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Can eLearning Contribute To Educational Reform?



Legislation Reform Becomes Easier And Faster

eLearning, including blended learning, is prominent in further education and as a choice for adults in general. What about the rest of the population? Many students in lower and higher education have been thrown into eLearning because of the pandemic. For some, this has been a blessing in disguise, with teachers using new technology and versatile communication skills to facilitate learning otherwise restricted, with time and resources offered to students to self-regulate, expand and evolve their preferred ways of learning. For others, it has been a waste of time, and for many, it has given further leeway to the worst that e-technology can do to young minds and bodies.

In most places in the world, choice in how to learn is severely restricted for the under 18s. This not only restricts the scope of their education and general development but also leaves them unaware of their online and blended work options.

Expanding Choice In Education

Expanding choice in education with the innovative use of new technology for learning, combining digital and actual localities to overcome restrictions in collaboration, and coexistence beyond borders can establish freedom of choice in learning where it does not exist but also reinforce and expand it where it does. Legislation reform action becomes easier and faster.

Also, the option of digital and blended education is a foundation for many other freedoms. For educational reformists around the globe, the main motivation is to ensure health and well-being in the context of learning, returning learning to the community and connecting micro-communities and macro-communities.

Within the pandemic and with the future being substantially influenced by it, these proposals are gaining further importance. Freedom of choice to include eLearning for all ages alleviates many of the health, financial and occupational problems brought to the surface by the pandemic. 

Some examples:

  • Reduction of congestion in learning environments, diversification of spaces (indoor and outdoor) used for learning
  • More options for families and students who cannot afford the expenses of traditional school or do not have access for other reasons, such as not having schools in their area
  • Decentralizing and therefore facilitating the creation and operation of learning communities where there are no resources
  • Expansion and redistribution of teaching/mentoring professions, including a wider variety of professionals in the teaching/mentoring process such as artists, health specialists, social workers, seniors, etc.

Potentially, global reform is more possible than ever before; non-invasive global reform to facilitate local, culture-specific reform. Substantial and diverse global and local social reform is both a prerequisite for and a result of substantial grassroots educational reform. eLearning and blended learning could be, by design, ideal mediums for overcoming established restrictions of plurality.

Public access to eLearning with infrastructure and support for blended learning in micro-communities can empower the disempowered. Human rights violations and financial warfare concern all of us, not just those of us living in it. It may not be apparent yet, but the loss of rights in choice across borders, even where they are completely taken for granted is foreseeable.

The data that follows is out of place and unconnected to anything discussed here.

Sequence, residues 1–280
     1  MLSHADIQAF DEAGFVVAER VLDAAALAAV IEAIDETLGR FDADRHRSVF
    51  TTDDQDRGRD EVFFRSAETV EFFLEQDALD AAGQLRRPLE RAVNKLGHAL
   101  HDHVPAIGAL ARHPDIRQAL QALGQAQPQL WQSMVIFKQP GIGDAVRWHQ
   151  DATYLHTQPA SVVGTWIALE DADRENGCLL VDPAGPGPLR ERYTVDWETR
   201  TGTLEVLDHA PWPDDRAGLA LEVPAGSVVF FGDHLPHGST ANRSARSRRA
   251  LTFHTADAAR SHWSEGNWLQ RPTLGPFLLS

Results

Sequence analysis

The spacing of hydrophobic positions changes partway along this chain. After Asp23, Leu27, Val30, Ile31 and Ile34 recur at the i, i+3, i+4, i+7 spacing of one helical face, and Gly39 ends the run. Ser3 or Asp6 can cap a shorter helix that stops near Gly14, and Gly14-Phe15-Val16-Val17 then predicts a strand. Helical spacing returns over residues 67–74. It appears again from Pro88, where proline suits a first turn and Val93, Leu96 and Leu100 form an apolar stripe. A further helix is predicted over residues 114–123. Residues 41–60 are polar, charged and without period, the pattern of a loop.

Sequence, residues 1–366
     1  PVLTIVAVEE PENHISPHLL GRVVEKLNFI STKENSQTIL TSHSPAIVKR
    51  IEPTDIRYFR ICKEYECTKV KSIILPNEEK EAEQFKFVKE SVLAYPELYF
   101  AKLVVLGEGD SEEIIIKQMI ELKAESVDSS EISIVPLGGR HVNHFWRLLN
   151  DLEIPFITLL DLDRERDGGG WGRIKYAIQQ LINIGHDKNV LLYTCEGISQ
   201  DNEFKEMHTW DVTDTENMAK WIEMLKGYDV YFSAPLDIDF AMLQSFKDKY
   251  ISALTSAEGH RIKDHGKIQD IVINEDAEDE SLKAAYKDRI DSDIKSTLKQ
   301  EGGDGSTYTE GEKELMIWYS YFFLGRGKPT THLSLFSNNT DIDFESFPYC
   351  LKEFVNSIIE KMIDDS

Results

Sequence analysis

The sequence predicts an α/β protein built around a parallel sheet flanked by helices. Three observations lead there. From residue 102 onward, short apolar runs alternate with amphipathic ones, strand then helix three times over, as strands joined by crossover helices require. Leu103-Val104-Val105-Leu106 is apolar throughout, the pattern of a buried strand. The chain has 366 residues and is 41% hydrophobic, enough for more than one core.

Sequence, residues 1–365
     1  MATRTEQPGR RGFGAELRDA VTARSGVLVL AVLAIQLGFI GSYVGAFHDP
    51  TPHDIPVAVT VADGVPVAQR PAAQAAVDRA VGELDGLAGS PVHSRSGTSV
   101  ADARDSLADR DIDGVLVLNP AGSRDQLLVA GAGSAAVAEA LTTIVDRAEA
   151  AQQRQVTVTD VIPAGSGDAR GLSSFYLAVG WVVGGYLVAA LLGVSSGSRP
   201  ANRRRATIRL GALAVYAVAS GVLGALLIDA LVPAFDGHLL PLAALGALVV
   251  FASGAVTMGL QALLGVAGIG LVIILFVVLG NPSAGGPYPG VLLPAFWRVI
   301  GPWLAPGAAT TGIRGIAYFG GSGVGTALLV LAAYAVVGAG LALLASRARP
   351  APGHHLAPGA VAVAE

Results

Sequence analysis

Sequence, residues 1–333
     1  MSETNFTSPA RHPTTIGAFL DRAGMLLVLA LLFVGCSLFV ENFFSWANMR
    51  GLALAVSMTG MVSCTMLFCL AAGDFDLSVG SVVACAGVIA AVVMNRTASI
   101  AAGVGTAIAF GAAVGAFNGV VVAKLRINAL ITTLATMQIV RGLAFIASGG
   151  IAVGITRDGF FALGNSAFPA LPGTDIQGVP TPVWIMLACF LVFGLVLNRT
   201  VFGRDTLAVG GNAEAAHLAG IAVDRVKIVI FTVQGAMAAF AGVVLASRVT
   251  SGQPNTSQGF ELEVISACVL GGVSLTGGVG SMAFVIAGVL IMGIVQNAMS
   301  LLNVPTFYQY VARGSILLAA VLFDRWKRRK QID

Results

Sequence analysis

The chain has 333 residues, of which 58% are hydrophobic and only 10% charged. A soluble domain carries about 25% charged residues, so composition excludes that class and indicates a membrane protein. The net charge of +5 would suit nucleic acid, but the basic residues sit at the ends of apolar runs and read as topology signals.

The Role Of eLearning

eLearning could play a vital role in evolving a culture-specific versatile context combining formal and non-formal democratic, agile, and self-directed approaches to learning. It could be instrumental in providing educational services that are used according to the user’s wishes and needs, accessible to all ages and socio-economic situations, and the widespread establishment and legitimation of learning communities.

Globally, proposals for expanding choice in education are based on the innovative use of new technology for learning and the consequent deinstitutionalization of learning; combining digital and actual localities to overcome restrictions in collaboration and coexistence beyond borders.

With eLearning, micro- and macro-communities can be interconnected and learning environments and processes can return to these communities. eLearning and blended learning communities can also play a significant role in overcoming established dividing boundaries between education in the state sector, in the market sector, and in the community sector.

eLearning and blended learning as an option across the state (public), market (private), and community sectors could facilitate immediate international educational reform as a matter of utmost urgency. This option could simplify liaison, cooperation, and establishment of joint authorities between ministries of education and all other deciding and acting bodies internationally, the United Nations Human Rights Council (OHCHR), United Nations Educational, Scientific and Cultural Organization (UNESCO), and other global inter-governmental bodies and non-governmental organizations.

Conclusion

Establishing eLearning and blended learning across borders could be instrumental in making providing education compulsory, moving beyond compulsory education, allowing education to flourish without compulsory school attendance. It could, almost by default, make schools, universities, learning communities, teaching staff and digital educational structures become open source, to be used according to each learner’s choices.



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